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Objective Economics by M. Northrup Buechner

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#1
patrik 7-2321

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I decided to buy this book as an introduction to economics, mainly because John Lewis from ARI recommended it.
Amazon: http://www.amazon.co...35291780&sr=1-1
Book webpage: http://objectiveeconomics.net/

Being new to economics I like the book so far, but then I saw this review by the Objective standard: http://www.theobject...up-buechner.asp
And then there were some controversy online over this quote from page 1, (the preface):
"To the best of my knowledge, this book represents the first attempt to rewrite economics in the light of Ayn Rand's philosophy of Objectivism."
- Which is claimed by some to be a dishonest statement and an insult to a "George Reisman" (whom I know nothing about) who has previosly written a book on economics with an Objectivist theme.

What to make of it? Should this criticism cast doubt on the value of the content of this book? I'd like to hear what you economically literate think about it.

Edited by patrik 7-2321, 24 April 2012 - 11:24 AM.


#2
JASKN

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I haven't read this book, but Reisman's was definitely written "in light of" Objectivism. Reisman explicitly explains philosophical tenets of Objectivism in relation to economic principles. Perhaps the author wasn't dishonest but just ignorant of Reisman.
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#3
Steve D'Ippolito

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Even if the reviewer is wrong about there being no prior Objectivist economic work, that doesn't take anything away from this book. I'd say you should judge it based on other things.

Edited by Steve D'Ippolito, 24 April 2012 - 04:55 PM.

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#4
Ninth Doctor

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Perhaps the author wasn't dishonest but just ignorant of Reisman.


Not possible. Buechner’s been involved for decades, Rand quoted him by name (and had a hard time pronouncing his name) in her last public appearance. If you were around in the early nineties, you couldn’t miss the announcements of Reisman’s then upcoming book in the Second Renaissance catalog, which was then the “official” book store. Reisman was as big (if not bigger) a name in those circles as Binswanger or Schwartz. Then, the memory hole.
"If in this book harsh words are spoken about some of the greatest among the intellectual leaders of mankind, my motive is not, I hope, the wish to belittle them. It springs rather from my conviction that, if our civilization is to survive, we must break with the habit of deference to great men." - Karl Popper, The Open Society and its Enemies, Preface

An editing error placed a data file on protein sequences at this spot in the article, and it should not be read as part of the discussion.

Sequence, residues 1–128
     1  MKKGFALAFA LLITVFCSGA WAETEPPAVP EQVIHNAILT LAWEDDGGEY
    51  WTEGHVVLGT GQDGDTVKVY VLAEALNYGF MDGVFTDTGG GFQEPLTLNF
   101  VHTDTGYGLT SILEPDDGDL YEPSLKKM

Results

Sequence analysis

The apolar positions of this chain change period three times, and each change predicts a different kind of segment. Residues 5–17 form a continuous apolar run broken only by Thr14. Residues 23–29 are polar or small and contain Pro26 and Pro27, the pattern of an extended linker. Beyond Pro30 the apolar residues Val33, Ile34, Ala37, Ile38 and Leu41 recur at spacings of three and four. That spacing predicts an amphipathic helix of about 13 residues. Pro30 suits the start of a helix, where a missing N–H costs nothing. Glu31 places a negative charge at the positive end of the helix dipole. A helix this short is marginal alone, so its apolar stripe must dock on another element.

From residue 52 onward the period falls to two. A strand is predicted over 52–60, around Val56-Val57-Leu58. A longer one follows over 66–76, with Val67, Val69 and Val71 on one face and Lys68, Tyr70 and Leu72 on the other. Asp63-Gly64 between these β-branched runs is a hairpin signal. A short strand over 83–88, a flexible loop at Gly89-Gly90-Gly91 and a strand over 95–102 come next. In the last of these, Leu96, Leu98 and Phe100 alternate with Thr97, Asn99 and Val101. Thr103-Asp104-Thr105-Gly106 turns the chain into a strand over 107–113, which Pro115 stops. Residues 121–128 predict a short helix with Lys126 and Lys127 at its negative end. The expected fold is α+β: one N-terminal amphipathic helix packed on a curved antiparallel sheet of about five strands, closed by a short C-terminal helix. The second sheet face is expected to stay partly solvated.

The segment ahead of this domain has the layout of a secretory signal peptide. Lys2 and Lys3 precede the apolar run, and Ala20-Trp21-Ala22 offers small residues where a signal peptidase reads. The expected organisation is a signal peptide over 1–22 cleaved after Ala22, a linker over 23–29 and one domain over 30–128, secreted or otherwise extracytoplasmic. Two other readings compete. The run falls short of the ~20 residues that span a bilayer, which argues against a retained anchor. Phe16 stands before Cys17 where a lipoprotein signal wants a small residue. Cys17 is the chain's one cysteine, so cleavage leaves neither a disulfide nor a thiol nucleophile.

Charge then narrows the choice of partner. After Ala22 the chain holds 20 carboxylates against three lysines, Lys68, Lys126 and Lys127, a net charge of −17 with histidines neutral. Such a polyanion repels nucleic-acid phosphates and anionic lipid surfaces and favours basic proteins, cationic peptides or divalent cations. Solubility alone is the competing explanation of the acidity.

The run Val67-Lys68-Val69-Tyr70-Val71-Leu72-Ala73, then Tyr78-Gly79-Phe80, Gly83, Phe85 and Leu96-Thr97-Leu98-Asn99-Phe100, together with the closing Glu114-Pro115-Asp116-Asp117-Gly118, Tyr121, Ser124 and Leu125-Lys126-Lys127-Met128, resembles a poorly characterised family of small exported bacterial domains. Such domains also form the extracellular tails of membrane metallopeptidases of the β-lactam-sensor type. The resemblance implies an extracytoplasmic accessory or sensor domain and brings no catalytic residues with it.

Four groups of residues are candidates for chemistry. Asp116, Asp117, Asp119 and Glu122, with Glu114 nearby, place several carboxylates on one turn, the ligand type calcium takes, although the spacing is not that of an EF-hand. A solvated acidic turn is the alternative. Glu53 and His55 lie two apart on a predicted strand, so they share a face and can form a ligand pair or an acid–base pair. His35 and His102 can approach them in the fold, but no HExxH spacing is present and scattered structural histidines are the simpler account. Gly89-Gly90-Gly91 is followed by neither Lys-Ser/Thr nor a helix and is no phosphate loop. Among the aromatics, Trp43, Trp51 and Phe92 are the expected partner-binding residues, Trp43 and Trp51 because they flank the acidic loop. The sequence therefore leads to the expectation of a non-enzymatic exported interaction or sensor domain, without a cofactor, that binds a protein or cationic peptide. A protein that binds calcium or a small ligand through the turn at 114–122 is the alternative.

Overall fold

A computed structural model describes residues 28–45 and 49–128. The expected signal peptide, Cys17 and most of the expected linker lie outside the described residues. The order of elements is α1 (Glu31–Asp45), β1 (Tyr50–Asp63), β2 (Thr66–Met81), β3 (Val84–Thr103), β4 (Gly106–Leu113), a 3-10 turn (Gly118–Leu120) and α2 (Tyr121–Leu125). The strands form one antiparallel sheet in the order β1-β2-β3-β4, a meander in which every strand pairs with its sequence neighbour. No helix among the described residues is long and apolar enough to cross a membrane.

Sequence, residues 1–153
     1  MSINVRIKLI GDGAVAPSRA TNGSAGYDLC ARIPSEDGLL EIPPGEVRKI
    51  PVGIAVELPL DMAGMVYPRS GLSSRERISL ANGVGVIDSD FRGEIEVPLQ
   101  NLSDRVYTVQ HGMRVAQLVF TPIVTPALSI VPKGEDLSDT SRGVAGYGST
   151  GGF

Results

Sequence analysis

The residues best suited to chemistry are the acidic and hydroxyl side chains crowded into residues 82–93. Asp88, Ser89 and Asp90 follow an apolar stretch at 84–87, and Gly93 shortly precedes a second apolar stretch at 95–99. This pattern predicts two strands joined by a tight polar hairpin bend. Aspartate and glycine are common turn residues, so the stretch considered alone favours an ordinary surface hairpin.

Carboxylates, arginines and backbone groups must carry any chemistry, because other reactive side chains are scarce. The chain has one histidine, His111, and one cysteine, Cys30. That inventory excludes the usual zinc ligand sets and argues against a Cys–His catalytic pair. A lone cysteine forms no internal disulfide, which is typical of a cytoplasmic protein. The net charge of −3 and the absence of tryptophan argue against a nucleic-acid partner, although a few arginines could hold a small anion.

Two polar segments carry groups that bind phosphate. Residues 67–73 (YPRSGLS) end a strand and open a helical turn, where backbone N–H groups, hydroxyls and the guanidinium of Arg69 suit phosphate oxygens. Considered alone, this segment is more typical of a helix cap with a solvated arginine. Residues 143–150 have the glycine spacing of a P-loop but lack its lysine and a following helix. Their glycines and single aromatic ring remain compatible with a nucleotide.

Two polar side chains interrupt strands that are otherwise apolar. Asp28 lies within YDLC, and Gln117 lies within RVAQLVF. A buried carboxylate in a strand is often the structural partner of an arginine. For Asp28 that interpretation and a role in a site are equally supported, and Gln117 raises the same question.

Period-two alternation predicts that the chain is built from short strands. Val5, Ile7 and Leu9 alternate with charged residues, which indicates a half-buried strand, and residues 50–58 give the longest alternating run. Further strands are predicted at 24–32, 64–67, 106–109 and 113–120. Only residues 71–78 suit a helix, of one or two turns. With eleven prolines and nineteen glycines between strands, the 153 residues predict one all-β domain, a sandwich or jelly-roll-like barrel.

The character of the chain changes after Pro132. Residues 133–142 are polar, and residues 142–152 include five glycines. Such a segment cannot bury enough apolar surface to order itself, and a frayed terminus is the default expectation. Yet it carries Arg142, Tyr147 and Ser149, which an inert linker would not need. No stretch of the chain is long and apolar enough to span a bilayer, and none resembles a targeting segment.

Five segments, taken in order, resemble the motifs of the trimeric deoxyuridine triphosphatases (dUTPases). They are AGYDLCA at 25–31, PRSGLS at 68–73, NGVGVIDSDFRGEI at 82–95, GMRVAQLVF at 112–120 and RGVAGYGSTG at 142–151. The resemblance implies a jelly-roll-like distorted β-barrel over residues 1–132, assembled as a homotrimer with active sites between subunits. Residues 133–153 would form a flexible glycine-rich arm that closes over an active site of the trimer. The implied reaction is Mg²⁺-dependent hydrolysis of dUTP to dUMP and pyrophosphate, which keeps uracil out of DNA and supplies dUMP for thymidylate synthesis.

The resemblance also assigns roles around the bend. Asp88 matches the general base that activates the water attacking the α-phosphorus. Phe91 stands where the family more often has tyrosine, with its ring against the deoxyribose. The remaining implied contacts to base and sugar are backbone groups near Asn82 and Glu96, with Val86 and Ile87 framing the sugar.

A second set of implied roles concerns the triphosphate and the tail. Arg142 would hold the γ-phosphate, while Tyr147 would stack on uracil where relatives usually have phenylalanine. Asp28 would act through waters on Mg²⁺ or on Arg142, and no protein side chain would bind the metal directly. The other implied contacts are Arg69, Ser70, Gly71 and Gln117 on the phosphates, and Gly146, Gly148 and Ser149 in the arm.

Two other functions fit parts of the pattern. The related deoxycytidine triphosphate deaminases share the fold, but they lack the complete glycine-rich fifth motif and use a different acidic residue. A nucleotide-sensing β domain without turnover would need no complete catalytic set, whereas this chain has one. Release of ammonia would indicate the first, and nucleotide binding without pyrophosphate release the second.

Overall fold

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#5
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From the contents page, the book seems very different from Reisman's book, which covers a huge range of topics. Reisman's is more like a text book, where one can finds all sorts of chapters and there is no expectation of a single theme as such, even though an Objectivist ethical and political perspective runs through it all.

In contrast, Buechner's book appears to be about building a theory of price upon the idea that values are objective. This is only a best-guess, from the contents-page and from a lectures by Buechner titled "Objective Value". Objectivists often criticize Ludwig von Mises as pushing a subjective theory of value. At the very least, von Mises takes value as a starting point that is not really open to exploration by an economist. It is like saying: "Qua economist, I don't care why you value this good. For my purposes, it is enough that you do. From that starting point, let's see what it means for prices, and markets". In his lectures, Buechner chewed on the idea that values are objective: they're neither subjective nor intrinsic. In this book, he appears to have done much more, exploring all sorts of areas of price theory. [BTW: Other economists too have tried to explore details of how and why people value things. So, I'm not implying Buechner is the only one to attempt it.]

The snippet from Salsman's review is pretty negative, but funnily enough -- to me -- it makes the book seem more interesting than I had imagined.

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#6
softwareNerd

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Someone who has read Salsman's review might be interested in this review of the review. This is not a recommendation, just a pointer.

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#7
brian0918

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Buechner has a ton of articles on his website that formed the basis of his book, including a multi-part series on redefining the law of supply and demand:

http://objectiveeconomics.net/

The problem with reality is that it only works in practice. In theory, it can never work. ;)


#8
Hairnet

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Reisman attempted to synthesize the works of Mises and Rand, claiming both as his intellectual predecessors. I am not sure how it played out it into his works, but mises was a really cold post kantian amoral rationalist where as Rand was a fairly passionate empiricist and egoist. Maybe Buechner thought Reisman's work wasn't truly Objectivist.
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